In June 2013, two potential buyers of carbon credits from the Oddar Meanchey REDD project walked away after the government failed to meet a deadline to sign off on the carbon credit deal. Earlier this month, Voice of America reported that the project is “up and running”.
Without sales of carbon credits, the project is running out of funding. Since 2009, the NGO Pact has been the implementing partner for the project, but in its April-June 2013 Oddar Meanchey Quarterly, Pact announced that,
Future newsletters from Pact will be contingent on continued funding. Pact hopes the FA [Forestry Administration] will take the necessary and urgent action to allow the continuation of the OM CF [Oddar Meanchey Community Forestry] REDD+ project into the future, with Pact as Implementing Partner, welcoming the first REDD+ credit funds into Cambodia and setting a precedent for other REDD+ projects.
Funding for Pact’s involvement in the project ended last year. “We’ve not been able to do much to support the project since then, while the needs of the community forests are critical,” Sarah Sitts, country manager for Pact Cambodia, told Voice of America.
It’s not exactly clear what has changed to merit Voice of America’s statement that the project is now “up and running”. Voice of America reports Sitts as saying that,
the Ministry of Agriculture’s forestry administration has so far not agreed to any sales “in a timely manner,” which means the project has not been able to take advantage of its potential… However, the administration has agreed to future sales, at a certain price threshold.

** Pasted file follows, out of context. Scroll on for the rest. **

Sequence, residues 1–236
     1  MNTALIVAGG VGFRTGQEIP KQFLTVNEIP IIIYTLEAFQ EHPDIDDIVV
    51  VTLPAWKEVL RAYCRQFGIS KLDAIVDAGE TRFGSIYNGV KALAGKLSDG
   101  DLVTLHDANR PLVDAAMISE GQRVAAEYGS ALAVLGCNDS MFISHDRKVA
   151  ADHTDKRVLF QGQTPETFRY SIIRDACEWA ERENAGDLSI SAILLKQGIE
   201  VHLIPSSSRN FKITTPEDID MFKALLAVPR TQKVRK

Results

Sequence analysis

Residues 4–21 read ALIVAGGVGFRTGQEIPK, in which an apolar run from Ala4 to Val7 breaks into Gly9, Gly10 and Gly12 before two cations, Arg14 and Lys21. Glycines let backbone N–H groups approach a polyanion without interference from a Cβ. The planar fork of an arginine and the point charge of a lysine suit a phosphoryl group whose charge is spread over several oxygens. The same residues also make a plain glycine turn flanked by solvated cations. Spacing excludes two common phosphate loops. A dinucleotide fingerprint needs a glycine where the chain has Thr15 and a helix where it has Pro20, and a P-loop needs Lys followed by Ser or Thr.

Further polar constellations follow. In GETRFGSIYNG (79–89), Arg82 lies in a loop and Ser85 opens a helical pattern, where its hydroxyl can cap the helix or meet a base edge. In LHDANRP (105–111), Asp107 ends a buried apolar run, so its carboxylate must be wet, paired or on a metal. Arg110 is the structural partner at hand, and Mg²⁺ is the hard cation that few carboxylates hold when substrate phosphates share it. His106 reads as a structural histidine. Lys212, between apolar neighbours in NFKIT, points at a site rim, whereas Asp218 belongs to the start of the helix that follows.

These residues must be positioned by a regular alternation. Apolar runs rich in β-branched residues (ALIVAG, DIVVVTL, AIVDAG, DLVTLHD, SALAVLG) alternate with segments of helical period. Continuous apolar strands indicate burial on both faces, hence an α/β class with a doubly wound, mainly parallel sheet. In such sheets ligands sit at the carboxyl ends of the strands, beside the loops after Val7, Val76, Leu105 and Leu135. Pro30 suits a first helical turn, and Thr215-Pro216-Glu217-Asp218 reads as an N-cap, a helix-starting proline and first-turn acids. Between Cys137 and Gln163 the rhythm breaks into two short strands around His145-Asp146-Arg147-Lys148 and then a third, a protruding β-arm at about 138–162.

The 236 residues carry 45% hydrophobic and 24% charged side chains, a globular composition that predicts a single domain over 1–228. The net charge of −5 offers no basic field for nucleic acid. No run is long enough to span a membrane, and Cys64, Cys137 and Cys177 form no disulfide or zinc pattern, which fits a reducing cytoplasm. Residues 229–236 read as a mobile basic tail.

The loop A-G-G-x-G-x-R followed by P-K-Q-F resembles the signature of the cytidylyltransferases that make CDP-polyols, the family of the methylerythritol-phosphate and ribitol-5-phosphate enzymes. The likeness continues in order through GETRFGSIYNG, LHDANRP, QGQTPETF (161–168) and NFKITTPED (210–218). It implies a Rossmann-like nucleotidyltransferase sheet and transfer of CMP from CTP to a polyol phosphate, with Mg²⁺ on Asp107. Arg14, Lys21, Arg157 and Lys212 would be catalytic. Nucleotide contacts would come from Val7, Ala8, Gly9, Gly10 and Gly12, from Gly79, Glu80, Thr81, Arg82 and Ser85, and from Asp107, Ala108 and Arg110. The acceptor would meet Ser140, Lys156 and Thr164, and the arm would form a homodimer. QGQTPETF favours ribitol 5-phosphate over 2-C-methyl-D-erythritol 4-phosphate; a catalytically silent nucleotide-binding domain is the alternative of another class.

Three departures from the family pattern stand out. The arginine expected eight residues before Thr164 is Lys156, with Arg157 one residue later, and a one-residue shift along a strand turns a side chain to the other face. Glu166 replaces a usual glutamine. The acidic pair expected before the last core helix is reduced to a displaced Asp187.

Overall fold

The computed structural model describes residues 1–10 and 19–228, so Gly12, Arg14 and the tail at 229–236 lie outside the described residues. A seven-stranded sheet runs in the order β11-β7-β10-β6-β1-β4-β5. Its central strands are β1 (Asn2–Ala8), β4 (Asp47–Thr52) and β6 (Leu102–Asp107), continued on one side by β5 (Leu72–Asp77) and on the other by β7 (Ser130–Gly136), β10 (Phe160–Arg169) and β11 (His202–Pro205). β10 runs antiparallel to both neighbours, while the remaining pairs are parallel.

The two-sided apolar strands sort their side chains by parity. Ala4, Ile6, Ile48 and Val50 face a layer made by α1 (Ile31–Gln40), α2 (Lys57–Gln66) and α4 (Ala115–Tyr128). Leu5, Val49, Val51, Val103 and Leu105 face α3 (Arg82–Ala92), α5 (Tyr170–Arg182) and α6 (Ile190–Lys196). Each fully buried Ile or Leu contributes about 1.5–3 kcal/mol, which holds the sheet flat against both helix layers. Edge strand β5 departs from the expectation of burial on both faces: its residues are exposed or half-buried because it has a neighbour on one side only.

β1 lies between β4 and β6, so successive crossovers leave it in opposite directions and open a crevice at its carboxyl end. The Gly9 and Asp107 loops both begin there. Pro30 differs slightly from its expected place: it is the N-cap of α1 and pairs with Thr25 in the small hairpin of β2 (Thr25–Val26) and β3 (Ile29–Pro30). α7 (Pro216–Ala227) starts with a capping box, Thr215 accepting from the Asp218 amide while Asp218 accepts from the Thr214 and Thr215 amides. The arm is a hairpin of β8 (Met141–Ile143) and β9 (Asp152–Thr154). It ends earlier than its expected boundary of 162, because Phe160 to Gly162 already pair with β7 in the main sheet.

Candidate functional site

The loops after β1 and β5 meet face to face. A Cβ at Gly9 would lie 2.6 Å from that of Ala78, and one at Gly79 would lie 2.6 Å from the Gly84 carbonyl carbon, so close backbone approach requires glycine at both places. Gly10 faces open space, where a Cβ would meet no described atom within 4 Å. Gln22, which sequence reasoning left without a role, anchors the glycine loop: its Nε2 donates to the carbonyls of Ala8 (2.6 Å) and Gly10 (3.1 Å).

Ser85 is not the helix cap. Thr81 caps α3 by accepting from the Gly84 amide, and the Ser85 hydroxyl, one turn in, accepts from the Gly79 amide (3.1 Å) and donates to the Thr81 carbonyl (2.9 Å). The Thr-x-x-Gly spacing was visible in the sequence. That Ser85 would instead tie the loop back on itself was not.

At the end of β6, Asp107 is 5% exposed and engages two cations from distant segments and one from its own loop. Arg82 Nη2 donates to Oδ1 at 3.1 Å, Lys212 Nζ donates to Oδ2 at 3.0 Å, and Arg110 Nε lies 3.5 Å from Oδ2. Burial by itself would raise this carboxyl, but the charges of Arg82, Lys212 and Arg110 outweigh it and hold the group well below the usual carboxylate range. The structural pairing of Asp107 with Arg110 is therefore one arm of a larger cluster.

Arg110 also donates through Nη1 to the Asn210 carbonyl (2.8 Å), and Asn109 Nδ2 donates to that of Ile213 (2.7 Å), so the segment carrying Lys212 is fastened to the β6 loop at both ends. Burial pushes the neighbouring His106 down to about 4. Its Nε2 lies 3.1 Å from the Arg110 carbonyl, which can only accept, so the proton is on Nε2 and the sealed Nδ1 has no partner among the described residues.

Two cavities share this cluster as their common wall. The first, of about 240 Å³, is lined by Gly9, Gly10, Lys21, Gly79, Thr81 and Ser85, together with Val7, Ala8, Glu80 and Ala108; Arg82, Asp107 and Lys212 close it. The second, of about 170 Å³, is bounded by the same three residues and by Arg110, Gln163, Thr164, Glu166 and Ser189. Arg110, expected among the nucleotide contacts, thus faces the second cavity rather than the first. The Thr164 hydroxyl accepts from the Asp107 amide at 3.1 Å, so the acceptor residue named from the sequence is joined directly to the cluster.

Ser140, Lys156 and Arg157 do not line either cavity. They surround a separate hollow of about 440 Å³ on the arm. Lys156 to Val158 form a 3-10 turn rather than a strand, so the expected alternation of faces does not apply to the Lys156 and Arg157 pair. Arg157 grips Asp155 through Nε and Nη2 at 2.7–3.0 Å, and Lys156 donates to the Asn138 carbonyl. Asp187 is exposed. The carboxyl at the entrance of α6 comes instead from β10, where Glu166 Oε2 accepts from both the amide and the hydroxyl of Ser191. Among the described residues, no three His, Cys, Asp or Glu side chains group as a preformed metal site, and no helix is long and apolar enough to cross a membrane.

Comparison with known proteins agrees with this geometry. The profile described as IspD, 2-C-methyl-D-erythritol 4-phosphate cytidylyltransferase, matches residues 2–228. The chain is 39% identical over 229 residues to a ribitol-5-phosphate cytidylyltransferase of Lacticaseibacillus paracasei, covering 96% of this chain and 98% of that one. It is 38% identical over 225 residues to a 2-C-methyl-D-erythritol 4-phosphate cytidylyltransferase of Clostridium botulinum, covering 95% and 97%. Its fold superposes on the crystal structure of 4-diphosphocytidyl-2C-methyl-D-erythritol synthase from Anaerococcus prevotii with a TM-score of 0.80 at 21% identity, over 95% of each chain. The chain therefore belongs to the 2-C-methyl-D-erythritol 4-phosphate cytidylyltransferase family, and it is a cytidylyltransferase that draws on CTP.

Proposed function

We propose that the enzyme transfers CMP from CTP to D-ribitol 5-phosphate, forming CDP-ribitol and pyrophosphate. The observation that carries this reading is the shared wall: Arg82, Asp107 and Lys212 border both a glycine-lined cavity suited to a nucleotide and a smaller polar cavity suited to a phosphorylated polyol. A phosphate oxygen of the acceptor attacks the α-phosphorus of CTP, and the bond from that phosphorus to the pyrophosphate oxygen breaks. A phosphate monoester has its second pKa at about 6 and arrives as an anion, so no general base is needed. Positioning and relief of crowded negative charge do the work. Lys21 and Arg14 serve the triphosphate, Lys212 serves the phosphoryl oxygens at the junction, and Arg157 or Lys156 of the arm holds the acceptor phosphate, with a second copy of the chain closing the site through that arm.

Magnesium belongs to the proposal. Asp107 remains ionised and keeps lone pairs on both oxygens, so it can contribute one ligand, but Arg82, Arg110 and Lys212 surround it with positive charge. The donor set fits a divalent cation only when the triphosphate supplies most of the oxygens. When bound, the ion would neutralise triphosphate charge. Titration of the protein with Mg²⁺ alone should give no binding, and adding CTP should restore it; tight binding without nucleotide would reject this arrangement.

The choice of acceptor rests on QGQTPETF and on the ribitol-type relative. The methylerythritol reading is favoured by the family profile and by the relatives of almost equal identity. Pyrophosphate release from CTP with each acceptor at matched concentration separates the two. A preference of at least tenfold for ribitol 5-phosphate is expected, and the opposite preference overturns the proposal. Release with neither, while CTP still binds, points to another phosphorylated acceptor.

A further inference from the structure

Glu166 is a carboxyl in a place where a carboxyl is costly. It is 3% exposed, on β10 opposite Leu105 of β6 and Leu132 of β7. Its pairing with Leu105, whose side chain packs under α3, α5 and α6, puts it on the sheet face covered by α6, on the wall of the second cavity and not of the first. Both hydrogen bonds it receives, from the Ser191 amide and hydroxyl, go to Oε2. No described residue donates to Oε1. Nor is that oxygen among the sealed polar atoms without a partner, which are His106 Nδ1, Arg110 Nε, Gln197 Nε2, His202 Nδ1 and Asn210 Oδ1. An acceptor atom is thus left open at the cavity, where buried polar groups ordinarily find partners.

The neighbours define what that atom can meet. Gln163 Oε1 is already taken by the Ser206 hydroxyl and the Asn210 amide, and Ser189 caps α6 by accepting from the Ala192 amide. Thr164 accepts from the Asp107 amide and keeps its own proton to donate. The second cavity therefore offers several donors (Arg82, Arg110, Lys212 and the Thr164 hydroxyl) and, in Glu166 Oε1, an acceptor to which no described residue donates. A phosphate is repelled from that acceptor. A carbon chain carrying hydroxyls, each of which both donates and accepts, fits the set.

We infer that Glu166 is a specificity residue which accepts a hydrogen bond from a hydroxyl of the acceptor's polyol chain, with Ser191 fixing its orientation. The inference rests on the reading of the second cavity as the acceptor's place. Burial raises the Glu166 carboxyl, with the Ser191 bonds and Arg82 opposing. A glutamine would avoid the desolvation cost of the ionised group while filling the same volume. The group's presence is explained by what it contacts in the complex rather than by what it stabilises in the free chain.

Leslie Durschinger is the managing director for Terra Global Capital, the US-based company that is marketing carbon credits from Oddar Meanchey. She told Voice of America that the project has 600,000 carbon credits, available for sale at between US$7 to US$9 each. The Oddar Meanchey project aims to help protect 13 community forests covering a total area of 68,000 hectares, by selling carbon credits. But so far, Terra Global Capital has not sold any credits from the Oddar Meanchey project.
In April 2013, Microsoft announced that it was “investing in” the Oddar Meanchey project. It’s difficult to tell whether this is an announcement of future funding or existing funding (not least because of the grammatical mistakes):
Projects we’re investing in like the Oddar Meanchey forest protection project in Cambodia works with local communities to halt deforestation and protect an area of 56,000 hectares of tropical forest.
In June 2013, the Cambodia Daily reported that two “private buyers” of carbon credits had walked away from the project. Microsoft was presumably one of these companies.
Deforestation continues in and around the community forests in Oddar Meanchey province. Threats include people moving into the area, large scale economic land concessions and the Royal Cambodian Armed Forces. Last week, the Cambodia Daily reported that villagers from Banteay Ampil district found five armed Cambodian soldiers bulldozing their community forest. The community forest is part of the Oddar Meanchey REDD project.